MH: In line with my dissertation, I continue to work on matters dealing with the Old Testament in the New. I also really enjoy teaching Greek, and I’ve been trying to rethink how I teach Greek within the parameters of our curriculum in order to gain the most long-term benefit. It’s at this point that I’ve been spending a lot of time figuring out the most effective ways of using Bible software. The Gospel of Mark is the most interesting Gospel to me, and one class I teach focuses on how we experience that Gospel and how we might go about re-presenting it in a way that is compelling and appealing for a 21st century audience. The parables of Jesus are another area of interest for me. (It’s still in an early stage, but see my Parables of Jesus site.) I am fascinated how Jesus used them as a teaching tool, especially given their paradoxical, ambiguous, and interactive nature. I have also been surveying the digital resources available for biblical mapping, a topic on which I presented at Logos’ BibleTech 08 and will revisit at the upcoming SBL meeting.
BW: I read that you are also an ordained pastor. To what denomination do you belong? Does this complement your vocation as a professor? If so, in what ways?
MH: I am a rostered pastor in the Evangelical Lutheran Church in America (ELCA), and I regard that just I was called to parish ministry, now I am called to a teaching ministry. I think that my 14 years in parish ministry were critical in shaping my understanding of the goal of seminary education. When teaching an Adult Education class, one doesn’t have the incentive of curriculum requirements and grades. Instead, one must really focus on how the content is presented and how it addresses issues that interest and challenge the participants. In moving from the parish to the seminary, I still try to keep those matters in mind, both in terms of the interest of the students themselves and of the ministry settings for which I am helping to prepare them.
BW: Alan Lenzi, our October interviewee stated that believing biblical scholars “should practice methodological atheism when pursuing academic Biblical Studies.” Would you agree with Alan’s statement? What do you see as the role(s) of Christian biblical scholars within the academic guild?
MH: I suppose I start with a methodological ‘non-theism.’ There should be a way that we can talk meaningfully with non-Christians about the Bible that doesn’t require a prior faith affirmation. On the other hand, I do believe that the Bible is the living Word of God. As a matter of faith, therefore, I do believe that there is a consistent story and there are unifying themes across the Bible, and that attending to these provides a more comprehensive understanding. That is, Scripture helps us to interpret Scripture, and to dissect portions of Scripture in literary isolation will be a deficient reading from a Christian perspective. In addition, I enjoy teaching at a seminary where it is not just encouraged but expected that we will have the opportunity to talk about the Bible as that Word of God that shapes our faith and practice.
BW: When did you start blogging? Which blogs do you read and why?
MH: I started blogging in March 2007. I had been skeptical about blogs, but I wanted to see what it was about. I wasn’t particularly interested in reading others’ random thoughts, and I didn’t think anyone should be interested in my random thoughts either. For that reason, I decided to experiment writing in an area that interested me and that might actually provide some helpful information to others.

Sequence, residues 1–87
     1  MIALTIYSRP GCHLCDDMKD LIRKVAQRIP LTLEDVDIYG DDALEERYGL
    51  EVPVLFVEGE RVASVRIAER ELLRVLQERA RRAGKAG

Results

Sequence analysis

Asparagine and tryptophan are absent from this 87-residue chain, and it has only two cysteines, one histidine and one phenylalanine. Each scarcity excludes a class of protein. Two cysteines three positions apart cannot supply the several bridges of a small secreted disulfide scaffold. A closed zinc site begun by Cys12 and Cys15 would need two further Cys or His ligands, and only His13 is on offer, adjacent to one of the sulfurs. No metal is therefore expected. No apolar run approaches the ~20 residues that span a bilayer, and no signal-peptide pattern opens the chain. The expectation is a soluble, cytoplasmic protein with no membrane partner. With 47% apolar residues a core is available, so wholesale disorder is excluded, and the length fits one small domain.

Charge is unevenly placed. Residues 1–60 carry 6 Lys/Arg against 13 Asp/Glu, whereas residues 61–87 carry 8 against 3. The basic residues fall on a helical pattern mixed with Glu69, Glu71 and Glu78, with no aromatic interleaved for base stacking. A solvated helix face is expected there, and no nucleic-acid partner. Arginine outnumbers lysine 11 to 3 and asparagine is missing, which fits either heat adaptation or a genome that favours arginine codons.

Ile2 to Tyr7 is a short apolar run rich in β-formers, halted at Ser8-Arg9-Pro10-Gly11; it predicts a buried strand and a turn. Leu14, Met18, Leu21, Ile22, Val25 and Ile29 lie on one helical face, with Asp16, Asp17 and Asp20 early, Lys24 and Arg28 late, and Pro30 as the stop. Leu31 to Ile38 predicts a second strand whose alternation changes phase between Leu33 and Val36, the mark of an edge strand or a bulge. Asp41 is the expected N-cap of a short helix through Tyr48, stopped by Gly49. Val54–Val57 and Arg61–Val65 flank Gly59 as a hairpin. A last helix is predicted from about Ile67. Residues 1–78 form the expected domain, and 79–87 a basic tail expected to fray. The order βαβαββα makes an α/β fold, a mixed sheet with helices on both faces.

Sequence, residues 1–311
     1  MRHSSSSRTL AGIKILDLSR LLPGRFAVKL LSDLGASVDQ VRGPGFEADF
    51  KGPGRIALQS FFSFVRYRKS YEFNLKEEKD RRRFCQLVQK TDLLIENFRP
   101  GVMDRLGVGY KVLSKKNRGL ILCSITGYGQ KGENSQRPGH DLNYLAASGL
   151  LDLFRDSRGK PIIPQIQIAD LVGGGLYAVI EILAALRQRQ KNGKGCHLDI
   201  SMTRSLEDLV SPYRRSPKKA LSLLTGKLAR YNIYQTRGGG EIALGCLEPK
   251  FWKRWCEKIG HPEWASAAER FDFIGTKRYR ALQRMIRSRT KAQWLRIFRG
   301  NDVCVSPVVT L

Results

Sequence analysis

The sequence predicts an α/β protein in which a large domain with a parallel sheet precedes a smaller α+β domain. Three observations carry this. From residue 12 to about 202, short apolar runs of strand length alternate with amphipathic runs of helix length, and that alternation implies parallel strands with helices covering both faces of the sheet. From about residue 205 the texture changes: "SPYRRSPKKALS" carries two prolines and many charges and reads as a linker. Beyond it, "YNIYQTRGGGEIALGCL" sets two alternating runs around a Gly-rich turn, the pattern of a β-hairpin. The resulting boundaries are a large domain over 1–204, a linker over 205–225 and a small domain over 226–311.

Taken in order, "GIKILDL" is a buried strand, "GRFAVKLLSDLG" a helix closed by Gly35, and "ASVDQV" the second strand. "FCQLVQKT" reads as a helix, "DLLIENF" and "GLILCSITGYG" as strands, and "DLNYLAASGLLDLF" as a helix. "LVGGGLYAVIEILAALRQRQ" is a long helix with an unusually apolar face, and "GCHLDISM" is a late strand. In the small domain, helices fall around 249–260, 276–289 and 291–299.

I don’t “read” too many blogs, but I’ve developed the skill of scanning quite a few. I focus on a few areas. I try to keep up with technological developments, so a number of my feeds are linked to the biblical software sites as well as some purely secular ones. I’ve also been attending to pedagogical developments, especially ones that look at digital or online matters, so there a bunch of elearning sites I follow. I also subscribe to a few sites by others who are working on similar sorts of biblical study issues as I am. I also set up blogs for most of my seminary classes and for my family and monitor those as well.
BW: Your blog has a very specific niche with its emphasis on technology and the Bible. Do you have special training in this area, or are you self-taught? How did you become interested in technological tools, and how do you stay on top of this always-updating field?
MH: I had enough of an introduction to computing science back in my undergrad days to realize that I apparently think how a computer programmer thinks. I usually can intuit how to use some software application, and I would much rather figure something out by trial and error or by following examples. (This accounts for the number of short videos I provide on my site demonstrating how to conduct some specific task.) I’m rather pragmatic about my use of technology, though. That is, I usually have some question or task I’m trying to accomplish and then try to figure out which tool to use and the most effective way to use it. Back in the day, I did compose a script for a 9-pin, dot-matrix printer in order to print Syriac from Nota Bene (DOS). Nowadays I mainly am working on learning the capabilities within the programs I use. Still, I have a Dell Axim PDA, and so I’m checking out the mobile, biblical applications. And then if I want to share my findings or use stuff for teaching in class or online, I have to figure out screen captures, graphics editing, video, audio, etc. I keep up the best I can on new stuff via the blogs I read. Other than the Bible software blogs and forums, the best ones I scan are Jane’s E-Learning,Robin Good’s MasterNewMedia, and Dan Cohen’s Digital Humanities.